Trump Announces U.S.-Mexico Trade Deal to Replace NAFTA
After a rough few days for the White House late last week, this morning President Trump announced that the United States had reached a tentative trade deal with our southern neighbors. Currently known as the United States-Mexico Trade Agreement, the president says he’s purposely ditching the NAFTA name, citing the connotation that agreement has gained over nearly 25 years. Speaking from the Oval Office, Trump said, ” The United States was hurt very badly by NAFTA. We’ve made it better.”
As CNBC notes, the agreement is the result of months of negotiations between the two nations. It also comes ahead of December 1st when Andrés Manuel López Obrador will become President of Mexico, replacing the outgoing Enrique Peña Nieto. Diving into the some of the details, Reuters reports the deal required 75% of auto content to be made in North America — a figure currently set at 62.5%. Meanwhile the president says Mexico has also agreed to purchase as much farm product from the U.S. as possible.
With a deal between Mexico and the United States now in place, all eyes turn to the north. However observers expect that integrating Canada into the fold will be a much quicker process, with a deal potentially being reached by the end of the week even. A senior official told Reuters, “We are now inviting the Canadians in as well and hope that we can reach a fair and successful conclusion with them as well.” Additionally Canada foreign minister Chrystia Freeland has previously stated that the nation would come to the table, saying Friday, “Once the bilateral issues get resolved, Canada will be joining the talks to work on both bilateral issues and our trilateral issues.” As for what President Trump had to say about Canada’s involvement, he seemed to threaten the country in the event a deal fell through, stating, “I think with Canada, frankly, the easiest we can do is to tariff their cars coming in. It’s a tremendous amount of money and it’s a very simple negotiation. It could end in one day and we take in a lot of money the following day.”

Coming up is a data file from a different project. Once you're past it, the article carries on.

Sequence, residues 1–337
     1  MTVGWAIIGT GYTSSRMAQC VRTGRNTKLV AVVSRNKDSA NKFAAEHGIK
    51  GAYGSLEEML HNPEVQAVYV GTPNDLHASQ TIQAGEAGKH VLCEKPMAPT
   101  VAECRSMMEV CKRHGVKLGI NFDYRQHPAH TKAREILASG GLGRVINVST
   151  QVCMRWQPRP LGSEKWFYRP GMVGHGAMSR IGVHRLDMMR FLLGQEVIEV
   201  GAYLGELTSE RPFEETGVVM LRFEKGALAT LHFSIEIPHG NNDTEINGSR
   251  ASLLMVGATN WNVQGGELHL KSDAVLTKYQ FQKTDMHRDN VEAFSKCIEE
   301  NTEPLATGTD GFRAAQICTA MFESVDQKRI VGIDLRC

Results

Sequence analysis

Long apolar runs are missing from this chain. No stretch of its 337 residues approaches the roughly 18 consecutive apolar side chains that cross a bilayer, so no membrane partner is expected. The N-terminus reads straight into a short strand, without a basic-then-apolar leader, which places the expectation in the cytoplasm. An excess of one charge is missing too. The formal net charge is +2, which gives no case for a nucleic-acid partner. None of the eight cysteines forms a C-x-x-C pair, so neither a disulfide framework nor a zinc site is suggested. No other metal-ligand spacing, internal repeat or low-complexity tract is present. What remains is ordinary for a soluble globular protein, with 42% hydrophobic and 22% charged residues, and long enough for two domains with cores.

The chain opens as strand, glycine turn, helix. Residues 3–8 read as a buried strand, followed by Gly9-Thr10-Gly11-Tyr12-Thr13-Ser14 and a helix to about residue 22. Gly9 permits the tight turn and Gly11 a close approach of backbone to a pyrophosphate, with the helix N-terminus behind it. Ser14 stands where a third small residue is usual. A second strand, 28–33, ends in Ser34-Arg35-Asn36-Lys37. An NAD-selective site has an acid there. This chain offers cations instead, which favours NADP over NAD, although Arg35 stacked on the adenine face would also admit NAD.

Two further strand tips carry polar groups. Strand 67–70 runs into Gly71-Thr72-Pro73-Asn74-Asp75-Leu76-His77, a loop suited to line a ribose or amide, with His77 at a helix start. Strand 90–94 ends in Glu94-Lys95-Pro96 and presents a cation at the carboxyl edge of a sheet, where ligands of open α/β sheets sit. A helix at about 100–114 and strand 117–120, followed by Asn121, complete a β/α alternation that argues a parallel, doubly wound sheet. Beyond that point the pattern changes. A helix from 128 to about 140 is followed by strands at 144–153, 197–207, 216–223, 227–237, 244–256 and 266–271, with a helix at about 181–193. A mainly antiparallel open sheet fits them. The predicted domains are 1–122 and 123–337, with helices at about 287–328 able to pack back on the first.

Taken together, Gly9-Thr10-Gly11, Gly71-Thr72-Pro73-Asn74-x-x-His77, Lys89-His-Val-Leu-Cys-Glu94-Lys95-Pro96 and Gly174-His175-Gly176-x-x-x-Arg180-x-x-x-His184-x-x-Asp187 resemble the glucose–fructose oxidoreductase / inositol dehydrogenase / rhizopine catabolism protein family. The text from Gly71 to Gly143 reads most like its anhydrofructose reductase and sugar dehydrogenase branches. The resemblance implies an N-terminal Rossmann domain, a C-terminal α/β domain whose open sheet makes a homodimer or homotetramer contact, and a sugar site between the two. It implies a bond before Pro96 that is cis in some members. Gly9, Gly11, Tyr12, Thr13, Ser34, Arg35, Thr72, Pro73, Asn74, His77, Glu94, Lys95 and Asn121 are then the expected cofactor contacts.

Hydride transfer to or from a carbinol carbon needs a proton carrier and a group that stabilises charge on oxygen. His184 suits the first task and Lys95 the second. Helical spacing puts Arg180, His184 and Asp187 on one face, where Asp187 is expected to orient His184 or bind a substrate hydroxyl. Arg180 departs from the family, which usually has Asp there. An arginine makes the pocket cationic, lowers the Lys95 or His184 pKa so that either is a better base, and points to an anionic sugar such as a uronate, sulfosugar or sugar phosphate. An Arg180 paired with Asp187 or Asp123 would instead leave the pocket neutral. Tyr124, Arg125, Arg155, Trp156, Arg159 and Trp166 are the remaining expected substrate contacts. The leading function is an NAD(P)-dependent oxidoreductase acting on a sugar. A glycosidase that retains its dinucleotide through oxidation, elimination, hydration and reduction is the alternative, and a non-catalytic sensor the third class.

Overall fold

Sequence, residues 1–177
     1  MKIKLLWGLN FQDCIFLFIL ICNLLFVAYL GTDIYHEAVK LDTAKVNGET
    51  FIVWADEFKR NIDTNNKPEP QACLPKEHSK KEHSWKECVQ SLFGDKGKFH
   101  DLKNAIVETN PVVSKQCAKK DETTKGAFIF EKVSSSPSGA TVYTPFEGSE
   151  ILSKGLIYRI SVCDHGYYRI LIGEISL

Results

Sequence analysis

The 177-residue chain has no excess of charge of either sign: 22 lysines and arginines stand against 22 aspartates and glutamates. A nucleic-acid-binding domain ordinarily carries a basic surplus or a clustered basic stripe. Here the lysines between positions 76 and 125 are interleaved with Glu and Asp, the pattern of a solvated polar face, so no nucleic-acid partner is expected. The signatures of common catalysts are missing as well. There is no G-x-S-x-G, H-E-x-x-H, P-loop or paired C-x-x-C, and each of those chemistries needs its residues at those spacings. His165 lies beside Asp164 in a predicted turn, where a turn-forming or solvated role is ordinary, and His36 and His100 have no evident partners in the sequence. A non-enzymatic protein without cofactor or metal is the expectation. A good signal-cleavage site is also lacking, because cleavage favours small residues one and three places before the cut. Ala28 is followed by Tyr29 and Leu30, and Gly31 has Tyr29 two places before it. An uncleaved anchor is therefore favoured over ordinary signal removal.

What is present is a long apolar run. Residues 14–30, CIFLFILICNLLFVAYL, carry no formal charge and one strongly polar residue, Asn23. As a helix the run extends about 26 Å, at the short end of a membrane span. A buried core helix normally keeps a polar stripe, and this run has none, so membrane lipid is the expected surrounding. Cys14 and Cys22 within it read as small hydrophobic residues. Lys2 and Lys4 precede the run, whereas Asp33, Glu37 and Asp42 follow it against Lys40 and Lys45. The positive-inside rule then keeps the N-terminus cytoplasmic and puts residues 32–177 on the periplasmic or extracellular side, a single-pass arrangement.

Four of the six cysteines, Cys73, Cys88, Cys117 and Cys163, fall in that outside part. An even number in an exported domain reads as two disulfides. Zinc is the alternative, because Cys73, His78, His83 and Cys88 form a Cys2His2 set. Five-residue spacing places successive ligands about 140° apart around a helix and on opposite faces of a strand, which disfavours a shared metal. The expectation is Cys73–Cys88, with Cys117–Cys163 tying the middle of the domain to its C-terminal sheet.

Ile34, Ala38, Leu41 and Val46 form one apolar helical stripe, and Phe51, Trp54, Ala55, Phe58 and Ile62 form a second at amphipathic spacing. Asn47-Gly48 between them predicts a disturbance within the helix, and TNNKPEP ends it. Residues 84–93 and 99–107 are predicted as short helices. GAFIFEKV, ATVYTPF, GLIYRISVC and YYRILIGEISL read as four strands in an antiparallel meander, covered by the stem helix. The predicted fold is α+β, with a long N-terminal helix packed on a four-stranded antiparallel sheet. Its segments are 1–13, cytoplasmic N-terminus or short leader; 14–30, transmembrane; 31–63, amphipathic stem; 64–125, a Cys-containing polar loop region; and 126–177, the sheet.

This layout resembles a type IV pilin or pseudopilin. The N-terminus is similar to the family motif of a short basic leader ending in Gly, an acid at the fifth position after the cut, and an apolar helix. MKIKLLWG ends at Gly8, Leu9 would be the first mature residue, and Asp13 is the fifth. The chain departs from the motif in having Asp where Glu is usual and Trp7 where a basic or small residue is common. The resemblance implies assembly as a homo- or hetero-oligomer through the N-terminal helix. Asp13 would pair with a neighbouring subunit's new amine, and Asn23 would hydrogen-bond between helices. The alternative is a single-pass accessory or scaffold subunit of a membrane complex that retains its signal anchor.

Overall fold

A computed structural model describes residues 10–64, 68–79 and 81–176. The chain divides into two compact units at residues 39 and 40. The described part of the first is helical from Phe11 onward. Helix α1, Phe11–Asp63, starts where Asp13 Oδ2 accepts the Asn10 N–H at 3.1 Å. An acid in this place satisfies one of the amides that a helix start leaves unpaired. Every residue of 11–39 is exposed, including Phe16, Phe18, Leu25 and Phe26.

President Trump had made renegotiating NAFTA a major part of his campaign, touting his plan — and even threats to “rip up” the agreement — in the Rust Belt states that ended up putting him in the White House. Because of this, the announcement of a new deal with Mexico is significant and will grow even more so should Canada join in as well. At the same time the agreement may grant a bit of credence to what some have viewed as the president’s strategy of imposing new import tariffs on other nations in hopes of landing better trade deals overall. Of course, with this news still fresh and Canada yet to come onboard, expect plenty of analysis and details on the deal to emerge in the coming days.